St. Petersburg, Florida -- The moment you walk through the doors of Haslam's Bookstore, you know right away your experience is going to be different here than the mega bookstore a few miles away.
"You can just smell the history in here," said Belinda Felgeiras.
You'll find most of the same books at Haslam's. Store owners boast a collection of more than 400,000 books ranging from the most recent best sellers to antique prints from the 18th century.
"There's an incredible selection here. I think you can find almost anything you want," said Jan Wampler, who picked up a poetry book from the 1920's.
The independent bookstore, which is the largest in the state, has been writing history in downtown St. Pete since 1933, but its most recent chapters haven't been easy with the emergence of the mega store and the e-reader revolution.
"Doesn't bode well for things carrying on the way they have," said co-owner Ray Hinst, who married into the family owned business.
He wasn't surprised to learn the owners of Borders may file for bankruptcy this week. While company owners have not publicly announced plans to file for Ch. 11 bankruptcy protection, the Wall Street Journal reports insiders say the company is making plans.
The plans could include the closure of 200 of its 670 stores nationwide and layoffs of thousands of employees as it restructures into a more viable business that will focus more on the e-reader market, according to reports.
"It's an industry in transition," Hinst pointed out.
While it's hard to say the future will hold for his business, Hinst says they've been fortunate so far.
On Tuesday morning, at least a dozen customers were in the store at any given time.
"We have been fortunate to have a community that will support us and that we are able to thrive in," Hinst told 10 News.
The indie bookstore doesn't just have history on its side, it also offers a few things customers say they can't get anywhere else.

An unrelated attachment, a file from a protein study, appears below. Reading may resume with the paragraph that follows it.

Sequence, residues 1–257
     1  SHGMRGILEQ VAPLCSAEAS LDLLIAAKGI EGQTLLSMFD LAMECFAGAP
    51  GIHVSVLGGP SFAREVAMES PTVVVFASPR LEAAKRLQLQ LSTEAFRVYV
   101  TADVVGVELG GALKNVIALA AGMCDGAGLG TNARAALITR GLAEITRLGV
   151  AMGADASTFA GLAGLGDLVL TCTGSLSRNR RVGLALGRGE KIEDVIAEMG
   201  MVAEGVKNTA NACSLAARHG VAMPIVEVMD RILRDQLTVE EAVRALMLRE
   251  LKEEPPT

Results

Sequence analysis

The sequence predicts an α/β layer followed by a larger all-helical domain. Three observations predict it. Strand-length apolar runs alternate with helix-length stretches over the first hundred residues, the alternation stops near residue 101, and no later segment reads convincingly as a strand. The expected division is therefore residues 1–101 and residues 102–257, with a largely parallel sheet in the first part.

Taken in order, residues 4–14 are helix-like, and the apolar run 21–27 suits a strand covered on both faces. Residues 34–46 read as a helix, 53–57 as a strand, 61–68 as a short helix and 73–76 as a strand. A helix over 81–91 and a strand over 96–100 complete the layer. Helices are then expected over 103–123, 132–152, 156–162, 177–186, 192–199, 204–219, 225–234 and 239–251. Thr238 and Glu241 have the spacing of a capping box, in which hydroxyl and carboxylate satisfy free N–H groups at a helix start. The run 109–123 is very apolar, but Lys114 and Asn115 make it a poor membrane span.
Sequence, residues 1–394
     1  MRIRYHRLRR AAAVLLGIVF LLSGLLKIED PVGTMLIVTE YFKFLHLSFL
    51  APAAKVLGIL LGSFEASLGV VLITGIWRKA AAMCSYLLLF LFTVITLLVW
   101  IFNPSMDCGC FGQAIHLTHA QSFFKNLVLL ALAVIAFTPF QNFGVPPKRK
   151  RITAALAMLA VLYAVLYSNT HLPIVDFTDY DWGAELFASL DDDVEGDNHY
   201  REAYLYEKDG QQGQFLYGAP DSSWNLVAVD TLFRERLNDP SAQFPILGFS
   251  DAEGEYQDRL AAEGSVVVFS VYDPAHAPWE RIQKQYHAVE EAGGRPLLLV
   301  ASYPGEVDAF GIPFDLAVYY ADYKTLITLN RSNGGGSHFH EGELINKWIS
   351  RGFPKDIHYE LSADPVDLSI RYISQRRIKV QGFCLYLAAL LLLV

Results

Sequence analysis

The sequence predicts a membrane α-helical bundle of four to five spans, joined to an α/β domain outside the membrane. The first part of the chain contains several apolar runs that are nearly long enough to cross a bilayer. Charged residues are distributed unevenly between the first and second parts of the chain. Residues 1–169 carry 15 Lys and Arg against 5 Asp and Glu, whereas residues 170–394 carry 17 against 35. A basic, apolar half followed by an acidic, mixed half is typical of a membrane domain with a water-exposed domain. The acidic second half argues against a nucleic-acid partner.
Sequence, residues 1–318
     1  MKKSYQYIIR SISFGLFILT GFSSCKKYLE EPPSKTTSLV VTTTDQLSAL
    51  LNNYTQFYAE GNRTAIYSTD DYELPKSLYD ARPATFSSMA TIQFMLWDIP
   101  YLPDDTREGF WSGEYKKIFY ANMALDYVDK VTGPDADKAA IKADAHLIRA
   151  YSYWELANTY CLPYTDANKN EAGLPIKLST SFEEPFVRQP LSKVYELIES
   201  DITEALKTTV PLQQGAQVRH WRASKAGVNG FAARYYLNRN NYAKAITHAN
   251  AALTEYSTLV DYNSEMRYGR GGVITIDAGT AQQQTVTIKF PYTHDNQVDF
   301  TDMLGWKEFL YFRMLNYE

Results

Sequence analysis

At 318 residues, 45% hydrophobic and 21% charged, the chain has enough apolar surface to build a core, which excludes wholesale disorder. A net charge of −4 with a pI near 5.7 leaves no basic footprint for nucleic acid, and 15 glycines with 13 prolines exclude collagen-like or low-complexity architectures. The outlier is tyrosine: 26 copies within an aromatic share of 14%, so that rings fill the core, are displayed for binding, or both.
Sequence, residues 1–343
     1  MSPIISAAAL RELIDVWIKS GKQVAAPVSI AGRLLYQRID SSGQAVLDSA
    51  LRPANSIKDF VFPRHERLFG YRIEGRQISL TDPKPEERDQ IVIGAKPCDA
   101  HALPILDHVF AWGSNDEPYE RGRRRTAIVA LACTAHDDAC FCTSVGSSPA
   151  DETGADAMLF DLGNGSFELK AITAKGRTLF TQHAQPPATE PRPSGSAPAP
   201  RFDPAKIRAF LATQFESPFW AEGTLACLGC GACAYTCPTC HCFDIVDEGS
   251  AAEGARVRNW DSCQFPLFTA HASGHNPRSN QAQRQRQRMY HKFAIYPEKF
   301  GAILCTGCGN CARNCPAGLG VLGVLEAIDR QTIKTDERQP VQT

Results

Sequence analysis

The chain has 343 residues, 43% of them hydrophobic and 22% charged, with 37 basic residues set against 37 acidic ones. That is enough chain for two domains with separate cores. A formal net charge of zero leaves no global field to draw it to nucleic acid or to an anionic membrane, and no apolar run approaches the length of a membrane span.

"This is just so much more personal. They're here for you. If you have any questions, they're here for you and they walk you right through anything you need," said Felgeiras.
"It's just a special place. As soon as you walk in, you feel like it's something special. History is here. I love it," said Tanya Santana as she looked up from her book on small business start-ups.
You can bet most chain stores don't have a store cat like Haslam's. Tea Cup the cat was born at the store and is there to greet customers as they walk through the door.
"She recognizes some of them," said Hinst.
And, you likely won't find spirits wandering the aisles of your neighborhood chain store.
"We kind of take it with a grain of salt," said Hinst as he shrugged his shoulders. He says they've had paranormal investigators in the store before and are told there are several spirits that pay the store a visit...including a very famous spirit.
"I was here late one night. I was doing some straightening over here and all of the sudden, boom boom," explained Hinst as he pointed toward the collection of author Jack Kerouac.
It was Kerouac's books on the floor.
Hinst says the author frequented the store in life and was known to re-arrange his books from the bottom shelf to the top shelf.
"Every author wants their books at eye level and so he would move the stuff. In those days, there were no computers. We used to keep track visually and it screwed up everything all the time," he laughed. "He did it on a regular basis. "
He's never seen a ghost and doesn't really believe one way or another.
"They're welcome as long as they're behaved," he shrugged.
For now, he's focused on the living customers and continuing to offer them a service and experience they won't get anywhere else.
While he hasn't quite boarded the e-reader train, he promises Haslam's will be around as long as people are in search of the printed word.
"Hopefully we'll be here. Maybe we'll be in the antique business," he said.
Laura Kadechka, 10 News